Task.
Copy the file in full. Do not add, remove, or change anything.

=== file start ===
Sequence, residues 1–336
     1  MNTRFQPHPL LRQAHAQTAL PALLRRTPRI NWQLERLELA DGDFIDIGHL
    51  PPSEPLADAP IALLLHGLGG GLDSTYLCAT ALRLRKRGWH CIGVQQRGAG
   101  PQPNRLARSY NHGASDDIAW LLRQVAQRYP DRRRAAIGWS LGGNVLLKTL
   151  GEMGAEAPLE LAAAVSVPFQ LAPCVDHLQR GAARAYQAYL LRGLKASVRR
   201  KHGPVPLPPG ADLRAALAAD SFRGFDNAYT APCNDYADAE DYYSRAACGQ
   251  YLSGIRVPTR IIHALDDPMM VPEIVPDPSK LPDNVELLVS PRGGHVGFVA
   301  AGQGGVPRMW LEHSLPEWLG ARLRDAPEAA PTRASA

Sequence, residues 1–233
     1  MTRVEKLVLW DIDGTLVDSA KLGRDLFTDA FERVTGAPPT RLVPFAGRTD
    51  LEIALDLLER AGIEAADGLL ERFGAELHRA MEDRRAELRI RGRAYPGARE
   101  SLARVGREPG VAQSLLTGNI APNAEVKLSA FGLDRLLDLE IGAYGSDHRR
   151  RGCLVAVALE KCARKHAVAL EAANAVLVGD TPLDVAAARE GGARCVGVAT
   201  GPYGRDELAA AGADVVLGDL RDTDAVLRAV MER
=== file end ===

Sequence, residues 1–336
     1  MNTRFQPHPL LRQAHAQTAL PALLRRTPRI NWQLERLELA DGDFIDIGHL
    51  PPSEPLADAP IALLLHGLGG GLDSTYLCAT ALRLRKRGWH CIGVQQRGAG
   101  PQPNRLARSY NHGASDDIAW LLRQVAQRYP DRRRAAIGWS LGGNVLLKTL
   151  GEMGAEAPLE LAAAVSVPFQ LAPCVDHLQR GAARAYQAYL LRGLKASVRR
   201  KHGPVPLPPG ADLRAALAAD SFRGFDNAYT APCNDYADAE DYYSRAACGQ
   251  YLSGIRVPTR IIHALDDPMM VPEIVPDPSK LPDNVELLVS PRGGHVGFVA
   301  AGQGGVPRMW LEHSLPEWLG ARLRDAPEAA PTRASA

Sequence, residues 1–233
     1  MTRVEKLVLW DIDGTLVDSA KLGRDLFTDA FERVTGAPPT RLVPFAGRTD
    51  LEIALDLLER AGIEAADGLL ERFGAELHRA MEDRRAELRI RGRAYPGARE
   101  SLARVGREPG VAQSLLTGNI APNAEVKLSA FGLDRLLDLE IGAYGSDHRR
   151  RGCLVAVALE KCARKHAVAL EAANAVLVGD TPLDVAAARE GGARCVGVAT
   201  GPYGRDELAA AGADVVLGDL RDTDAVLRAV MER